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Britain’s Insanely Expensive & Utterly Pointless Wind Power Fiasco Exposed

October 22, 2015

By Paul Homewood

h/t Wolsten

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Intermittency-of-UK-Wind-Power-Generation-2013_2014

Derek Partington, a former Chartered Engineer, has spent a lot of time in the last six years, researching the effectiveness of wind turbines. His findings are damning:

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His report runs to thirteen pages, well worth a read. But some of his tables and charts tell the story.

For instance, how capacity utilisation can vary wildly from month to month.

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And the large amount of time when wind turbines are producing next to nothing. Partington comments the data show no significant difference between the 2011 and 2013 periods and the 2012 and 2014 periods. In other words, the extra wind capacity built since 2011 does not appear to have improved matters.

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He analyses September 2014, the worst month, showing just how irregular output can be.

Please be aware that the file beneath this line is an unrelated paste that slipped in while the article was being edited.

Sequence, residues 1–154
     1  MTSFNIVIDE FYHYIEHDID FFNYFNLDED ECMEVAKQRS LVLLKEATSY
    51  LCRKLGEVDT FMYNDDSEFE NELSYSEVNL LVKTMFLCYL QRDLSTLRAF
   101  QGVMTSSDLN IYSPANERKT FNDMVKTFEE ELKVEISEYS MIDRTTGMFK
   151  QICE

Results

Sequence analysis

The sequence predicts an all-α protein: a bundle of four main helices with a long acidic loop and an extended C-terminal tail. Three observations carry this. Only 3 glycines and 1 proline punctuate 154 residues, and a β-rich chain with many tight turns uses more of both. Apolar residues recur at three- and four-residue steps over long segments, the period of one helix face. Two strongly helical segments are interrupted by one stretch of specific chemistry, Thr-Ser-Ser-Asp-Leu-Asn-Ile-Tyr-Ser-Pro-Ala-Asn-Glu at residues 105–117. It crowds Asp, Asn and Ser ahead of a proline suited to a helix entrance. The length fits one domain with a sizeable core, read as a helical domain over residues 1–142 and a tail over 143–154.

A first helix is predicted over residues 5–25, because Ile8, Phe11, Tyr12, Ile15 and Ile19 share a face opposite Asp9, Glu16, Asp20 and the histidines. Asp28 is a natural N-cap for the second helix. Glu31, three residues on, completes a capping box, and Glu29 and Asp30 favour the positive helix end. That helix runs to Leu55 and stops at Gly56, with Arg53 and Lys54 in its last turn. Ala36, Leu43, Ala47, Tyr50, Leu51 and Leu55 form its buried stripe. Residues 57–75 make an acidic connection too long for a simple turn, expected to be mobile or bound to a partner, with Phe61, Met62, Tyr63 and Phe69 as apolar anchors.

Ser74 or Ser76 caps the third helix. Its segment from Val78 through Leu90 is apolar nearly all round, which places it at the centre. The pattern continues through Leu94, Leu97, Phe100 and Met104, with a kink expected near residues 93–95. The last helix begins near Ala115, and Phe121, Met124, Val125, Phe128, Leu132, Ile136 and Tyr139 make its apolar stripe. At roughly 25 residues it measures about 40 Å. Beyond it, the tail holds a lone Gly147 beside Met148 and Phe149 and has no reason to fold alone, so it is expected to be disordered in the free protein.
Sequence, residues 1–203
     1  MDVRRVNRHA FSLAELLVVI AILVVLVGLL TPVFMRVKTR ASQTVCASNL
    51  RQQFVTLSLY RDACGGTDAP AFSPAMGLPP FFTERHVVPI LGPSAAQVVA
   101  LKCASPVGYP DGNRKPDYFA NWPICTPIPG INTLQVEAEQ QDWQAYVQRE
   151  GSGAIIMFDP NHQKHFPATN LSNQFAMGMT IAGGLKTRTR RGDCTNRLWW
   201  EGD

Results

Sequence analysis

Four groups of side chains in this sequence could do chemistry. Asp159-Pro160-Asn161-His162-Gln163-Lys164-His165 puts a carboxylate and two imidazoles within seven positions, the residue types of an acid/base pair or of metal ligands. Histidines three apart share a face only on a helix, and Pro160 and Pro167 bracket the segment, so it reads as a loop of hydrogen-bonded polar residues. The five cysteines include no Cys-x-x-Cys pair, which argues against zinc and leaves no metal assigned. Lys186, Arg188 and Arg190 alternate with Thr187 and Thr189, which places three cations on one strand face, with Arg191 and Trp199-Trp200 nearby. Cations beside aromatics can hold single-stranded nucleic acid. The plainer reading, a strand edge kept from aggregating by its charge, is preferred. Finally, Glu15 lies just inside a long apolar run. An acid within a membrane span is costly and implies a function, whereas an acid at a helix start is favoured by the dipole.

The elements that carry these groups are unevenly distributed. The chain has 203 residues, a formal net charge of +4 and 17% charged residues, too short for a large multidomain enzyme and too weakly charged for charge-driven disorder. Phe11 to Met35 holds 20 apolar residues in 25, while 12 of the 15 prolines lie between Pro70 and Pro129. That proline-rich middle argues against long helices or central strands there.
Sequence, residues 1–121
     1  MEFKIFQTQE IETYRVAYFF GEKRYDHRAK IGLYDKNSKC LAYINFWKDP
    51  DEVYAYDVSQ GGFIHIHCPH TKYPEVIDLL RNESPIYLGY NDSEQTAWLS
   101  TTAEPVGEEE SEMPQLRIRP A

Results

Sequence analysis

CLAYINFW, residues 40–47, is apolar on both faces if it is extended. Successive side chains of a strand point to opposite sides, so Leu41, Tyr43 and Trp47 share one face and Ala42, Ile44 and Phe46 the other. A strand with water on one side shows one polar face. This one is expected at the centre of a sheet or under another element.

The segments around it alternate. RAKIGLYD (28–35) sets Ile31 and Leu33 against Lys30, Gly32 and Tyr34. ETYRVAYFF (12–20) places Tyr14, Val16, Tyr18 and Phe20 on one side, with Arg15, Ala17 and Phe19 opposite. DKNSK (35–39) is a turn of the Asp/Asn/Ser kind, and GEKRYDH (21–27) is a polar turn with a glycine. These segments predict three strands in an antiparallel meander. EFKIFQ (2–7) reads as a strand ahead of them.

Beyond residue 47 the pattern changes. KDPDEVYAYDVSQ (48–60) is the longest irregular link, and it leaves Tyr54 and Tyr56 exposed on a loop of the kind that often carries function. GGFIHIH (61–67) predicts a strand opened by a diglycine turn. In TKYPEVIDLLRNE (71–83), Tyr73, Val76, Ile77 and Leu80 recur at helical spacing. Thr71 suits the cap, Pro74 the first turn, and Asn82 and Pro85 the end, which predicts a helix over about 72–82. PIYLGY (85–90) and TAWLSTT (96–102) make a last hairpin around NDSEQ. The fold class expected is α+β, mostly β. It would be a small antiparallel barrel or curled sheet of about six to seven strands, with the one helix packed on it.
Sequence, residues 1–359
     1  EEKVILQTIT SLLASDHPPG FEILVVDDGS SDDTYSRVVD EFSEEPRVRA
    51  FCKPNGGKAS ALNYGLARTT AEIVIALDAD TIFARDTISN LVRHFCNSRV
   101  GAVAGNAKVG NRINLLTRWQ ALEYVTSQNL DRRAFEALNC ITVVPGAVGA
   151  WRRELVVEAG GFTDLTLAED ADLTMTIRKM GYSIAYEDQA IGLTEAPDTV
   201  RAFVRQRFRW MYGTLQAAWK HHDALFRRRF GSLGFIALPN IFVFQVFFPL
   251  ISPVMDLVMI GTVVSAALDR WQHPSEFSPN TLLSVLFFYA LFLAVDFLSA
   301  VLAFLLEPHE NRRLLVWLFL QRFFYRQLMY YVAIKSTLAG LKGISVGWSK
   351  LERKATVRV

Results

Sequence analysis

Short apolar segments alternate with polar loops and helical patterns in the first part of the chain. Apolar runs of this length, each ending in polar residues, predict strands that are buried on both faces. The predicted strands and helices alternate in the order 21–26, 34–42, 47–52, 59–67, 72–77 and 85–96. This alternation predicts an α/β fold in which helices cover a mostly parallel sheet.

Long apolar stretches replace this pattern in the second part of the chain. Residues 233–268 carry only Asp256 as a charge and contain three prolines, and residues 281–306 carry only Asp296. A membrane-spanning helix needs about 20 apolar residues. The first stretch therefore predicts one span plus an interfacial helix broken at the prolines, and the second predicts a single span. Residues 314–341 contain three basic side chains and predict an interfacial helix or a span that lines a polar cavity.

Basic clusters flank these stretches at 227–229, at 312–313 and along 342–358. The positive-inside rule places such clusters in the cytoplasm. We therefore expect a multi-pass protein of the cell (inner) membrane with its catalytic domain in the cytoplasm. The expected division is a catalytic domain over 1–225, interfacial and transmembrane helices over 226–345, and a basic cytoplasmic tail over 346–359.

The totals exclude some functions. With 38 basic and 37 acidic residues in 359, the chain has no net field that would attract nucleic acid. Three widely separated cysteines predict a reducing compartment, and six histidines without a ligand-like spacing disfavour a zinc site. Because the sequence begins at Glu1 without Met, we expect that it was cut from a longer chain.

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A look at the maximums and minimums each day, using one of the typical months, shows a similar story, of just how intermittent output is.

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The next table shows the minimum output recorded each month.

He comments, therefore the assumption that the wind is always blowing somewhere in the UK may be true, but at times it is barely blowing enough to generate any significant energy. In 10 out of the 24 months monitored, the minimum output dropped to 1% of capacity or less at some time. It should also be noted that the minimum output levels have not significantly changed since 2011, even with more wind turbines being installed. The equivalent average minima for 2011 and 2012 were 2.1% and 1.5% respectively.

 

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He concludes:

Conclusions


Over the period studied, January 2013 to December 2014 inclusive, wind turbine operational capacity connected to the UK Grid has increased from 5,894MW to 8,403MW. The operational capacity in January 2011 was 2,490MW; therefore there has been an increase of almost 3.4x over the four year period.
The conclusions to be drawn from the data analysis are:

 1) An increase in the operational capacity does not improve average output. In fact the average monthly capacity factor has fallen over the periods studied, dropping from 33.2% in 2011 to 28.8% in 2014.
2) An increase in the operational capacity does not reduce the periods of low or very low output as measured by the number of hours per year when output was low (less than 10% of installed capacity) or very low (less than 5% of installed capacity). There is a variation from year to year but no pattern emerges. The mean low output over the four years was 1,617 hours/year with a standard deviation of 197 hours/year and the mean very low output was 599 hours with a standard deviation of 96 hours.